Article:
For Gibbons, the issue for many organisations is to assess how easy they can track the origin of all the documents in their system, to determine which ones were triggered by internal or external systems and to ascertain whether the documents are original or derivatives of other documents.
Much needed change to SAP licensing
Commenting on the changes, Forrester principal analyst Duncan Jones says: “Users didn’t feel they were getting a sensible answer from SAP in the past with indirect access. SAP is recognising there has been problems in sales execution, which it needs to fix.”
He adds that SAP is now putting a big emphasis on fixing the licence compliance process, which will potentially result in the formation of an independent appeals process.
“The new model simplifies things by charging the same for each document created in SAP via integration with a non-SAP application,” says Jones. “It doesn’t matter whether the trigger is a human being, a batch process, a bot or an IoT device, nor how the integration works – the SAP process, value and cost remains the same in each case.”
Transaction volumes will determine licence value
The SAP digital licence is being positioned as outcome-based. Jones feels this is not strictly correct. “Outcome-based pricing is when you base the fee on how much you increase sales, or reduce inventory,” he says.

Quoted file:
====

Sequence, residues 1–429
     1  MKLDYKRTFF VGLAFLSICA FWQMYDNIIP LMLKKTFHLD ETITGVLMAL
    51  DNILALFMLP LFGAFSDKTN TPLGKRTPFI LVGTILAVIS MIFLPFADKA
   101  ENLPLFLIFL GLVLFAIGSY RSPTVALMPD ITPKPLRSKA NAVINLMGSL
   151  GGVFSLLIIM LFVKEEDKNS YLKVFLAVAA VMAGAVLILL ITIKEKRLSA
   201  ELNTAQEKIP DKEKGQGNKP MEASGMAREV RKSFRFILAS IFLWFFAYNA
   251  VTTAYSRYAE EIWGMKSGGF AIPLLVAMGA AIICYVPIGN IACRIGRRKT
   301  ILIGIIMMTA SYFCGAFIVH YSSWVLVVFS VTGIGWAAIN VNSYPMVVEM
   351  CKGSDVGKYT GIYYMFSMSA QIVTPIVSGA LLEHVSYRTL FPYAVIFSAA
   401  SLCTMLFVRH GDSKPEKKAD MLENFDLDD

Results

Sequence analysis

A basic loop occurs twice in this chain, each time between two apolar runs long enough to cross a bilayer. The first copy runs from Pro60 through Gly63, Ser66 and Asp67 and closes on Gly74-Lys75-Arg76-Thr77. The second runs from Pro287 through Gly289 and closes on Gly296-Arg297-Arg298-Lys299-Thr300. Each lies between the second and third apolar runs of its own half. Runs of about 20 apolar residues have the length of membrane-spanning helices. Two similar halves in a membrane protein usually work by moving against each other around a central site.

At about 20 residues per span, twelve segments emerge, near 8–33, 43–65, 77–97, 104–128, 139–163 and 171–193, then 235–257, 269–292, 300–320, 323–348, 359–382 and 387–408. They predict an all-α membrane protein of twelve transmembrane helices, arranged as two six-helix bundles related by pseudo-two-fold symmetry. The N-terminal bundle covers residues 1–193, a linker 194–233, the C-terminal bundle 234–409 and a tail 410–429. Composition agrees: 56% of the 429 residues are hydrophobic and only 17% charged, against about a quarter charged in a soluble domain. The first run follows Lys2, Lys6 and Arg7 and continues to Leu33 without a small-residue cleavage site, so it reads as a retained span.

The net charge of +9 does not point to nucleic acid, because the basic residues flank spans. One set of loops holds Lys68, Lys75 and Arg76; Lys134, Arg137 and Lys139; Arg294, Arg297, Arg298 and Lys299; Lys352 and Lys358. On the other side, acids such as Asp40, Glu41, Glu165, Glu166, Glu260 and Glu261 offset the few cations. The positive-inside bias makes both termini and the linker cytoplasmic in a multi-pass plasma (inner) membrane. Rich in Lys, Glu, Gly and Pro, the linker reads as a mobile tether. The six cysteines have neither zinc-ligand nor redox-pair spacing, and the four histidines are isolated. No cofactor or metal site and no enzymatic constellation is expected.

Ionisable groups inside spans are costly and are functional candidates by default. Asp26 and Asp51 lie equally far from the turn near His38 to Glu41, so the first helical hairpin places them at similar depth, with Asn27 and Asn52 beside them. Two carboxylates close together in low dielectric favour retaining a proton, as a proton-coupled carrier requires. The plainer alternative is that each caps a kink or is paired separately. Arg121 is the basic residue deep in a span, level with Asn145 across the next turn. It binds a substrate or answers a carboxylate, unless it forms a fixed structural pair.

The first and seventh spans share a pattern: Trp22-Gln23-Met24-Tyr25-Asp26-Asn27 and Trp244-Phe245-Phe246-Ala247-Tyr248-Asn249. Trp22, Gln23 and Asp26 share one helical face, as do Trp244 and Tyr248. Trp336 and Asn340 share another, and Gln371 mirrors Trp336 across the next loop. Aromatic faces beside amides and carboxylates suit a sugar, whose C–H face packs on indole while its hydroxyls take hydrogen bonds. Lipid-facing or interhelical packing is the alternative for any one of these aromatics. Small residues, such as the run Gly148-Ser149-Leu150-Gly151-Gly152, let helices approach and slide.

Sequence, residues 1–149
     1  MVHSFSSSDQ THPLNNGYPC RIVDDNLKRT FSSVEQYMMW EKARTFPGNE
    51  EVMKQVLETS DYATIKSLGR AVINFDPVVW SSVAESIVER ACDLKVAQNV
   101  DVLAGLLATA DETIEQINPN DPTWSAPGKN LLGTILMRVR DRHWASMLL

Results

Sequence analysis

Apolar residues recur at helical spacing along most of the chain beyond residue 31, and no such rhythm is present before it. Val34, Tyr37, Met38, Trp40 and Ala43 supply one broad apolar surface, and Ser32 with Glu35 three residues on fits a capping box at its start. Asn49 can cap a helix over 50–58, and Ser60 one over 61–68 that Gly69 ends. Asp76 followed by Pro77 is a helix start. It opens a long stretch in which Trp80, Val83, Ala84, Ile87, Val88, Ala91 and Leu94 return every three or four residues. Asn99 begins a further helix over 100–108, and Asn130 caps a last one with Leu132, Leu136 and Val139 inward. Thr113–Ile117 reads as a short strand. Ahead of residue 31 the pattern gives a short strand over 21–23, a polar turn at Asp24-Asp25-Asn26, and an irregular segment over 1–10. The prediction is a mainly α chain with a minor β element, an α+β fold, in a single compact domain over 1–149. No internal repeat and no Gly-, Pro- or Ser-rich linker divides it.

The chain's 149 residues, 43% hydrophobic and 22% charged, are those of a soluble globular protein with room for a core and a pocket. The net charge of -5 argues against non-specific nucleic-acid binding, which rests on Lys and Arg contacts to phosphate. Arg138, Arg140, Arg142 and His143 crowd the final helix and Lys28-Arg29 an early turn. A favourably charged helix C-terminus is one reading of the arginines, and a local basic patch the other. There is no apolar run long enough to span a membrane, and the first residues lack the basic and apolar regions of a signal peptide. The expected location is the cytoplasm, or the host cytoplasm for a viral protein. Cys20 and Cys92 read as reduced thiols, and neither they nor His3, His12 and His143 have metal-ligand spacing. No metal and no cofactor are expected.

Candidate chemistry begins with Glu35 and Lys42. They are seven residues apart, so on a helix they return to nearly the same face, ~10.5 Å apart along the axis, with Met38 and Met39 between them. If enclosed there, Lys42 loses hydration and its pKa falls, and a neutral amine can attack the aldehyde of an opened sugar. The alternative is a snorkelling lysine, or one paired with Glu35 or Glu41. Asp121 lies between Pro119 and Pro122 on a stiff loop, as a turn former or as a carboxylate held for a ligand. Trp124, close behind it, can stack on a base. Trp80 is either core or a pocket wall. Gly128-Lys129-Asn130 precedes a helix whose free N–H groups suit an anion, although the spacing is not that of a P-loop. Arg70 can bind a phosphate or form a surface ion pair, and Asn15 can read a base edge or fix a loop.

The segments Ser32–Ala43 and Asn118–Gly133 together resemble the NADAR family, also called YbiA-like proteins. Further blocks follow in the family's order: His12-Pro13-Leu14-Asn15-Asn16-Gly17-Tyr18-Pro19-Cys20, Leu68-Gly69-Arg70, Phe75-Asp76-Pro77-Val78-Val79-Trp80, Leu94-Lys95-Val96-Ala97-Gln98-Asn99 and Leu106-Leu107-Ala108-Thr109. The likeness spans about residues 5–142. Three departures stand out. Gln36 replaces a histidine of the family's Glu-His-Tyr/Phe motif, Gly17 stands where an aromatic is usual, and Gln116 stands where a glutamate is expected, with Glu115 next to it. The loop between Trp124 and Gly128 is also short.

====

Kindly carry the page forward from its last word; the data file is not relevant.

Instead, SAP’s measure is based on the volume of documents it processes. “Processing a document isn’t the outcome,” explains Jones.
He warns that businesses will need to decide how to assess the impact of document volumes on their overall licence fee.
Speaking of his experience during his time at software company QAD, Jones says: “At QAD some customers had high transaction volumes, and had to pay more. The more you automate the higher volumes that can be processed, and so there is more value being added by the software.”
The issue for SAP is to to find a way to treat existing customers fairly. “We are working with one customer which may have to pay €20m more,” says Jones.
The problem is that businesses will incur the charge if an SAP document is created as part of a business process, irrespective of whether the rest of the business process was run on external systems or on SAP.
VoQuz IT Solutions US executive director Sebastian Schoofs says: “We have a customer with a web shop. Everything is handled outside of SAP. Only the end of the process to update inventory and update accounting [involves] an SAP sales document.” As such the creation of this document will incur an SAP digital access licence fee.
Licence clarity with audit clout
Snow Software’s Paulini believes among the more significant changes SAP has made to its software licensing is the creation of an audit team. He says: “SAP’s audit team is separated from the sales team. This is significant because the sales team can no longer trigger an audit.”
On the one hand, this may be be seen as beneficial for customers who do not want to be coerced by SAP sales to buy software they may not need. But now SAP has bolstered its audit capability.
“SAP has increased the number of people in audit such that it now runs as an independent entity,” says Paulini.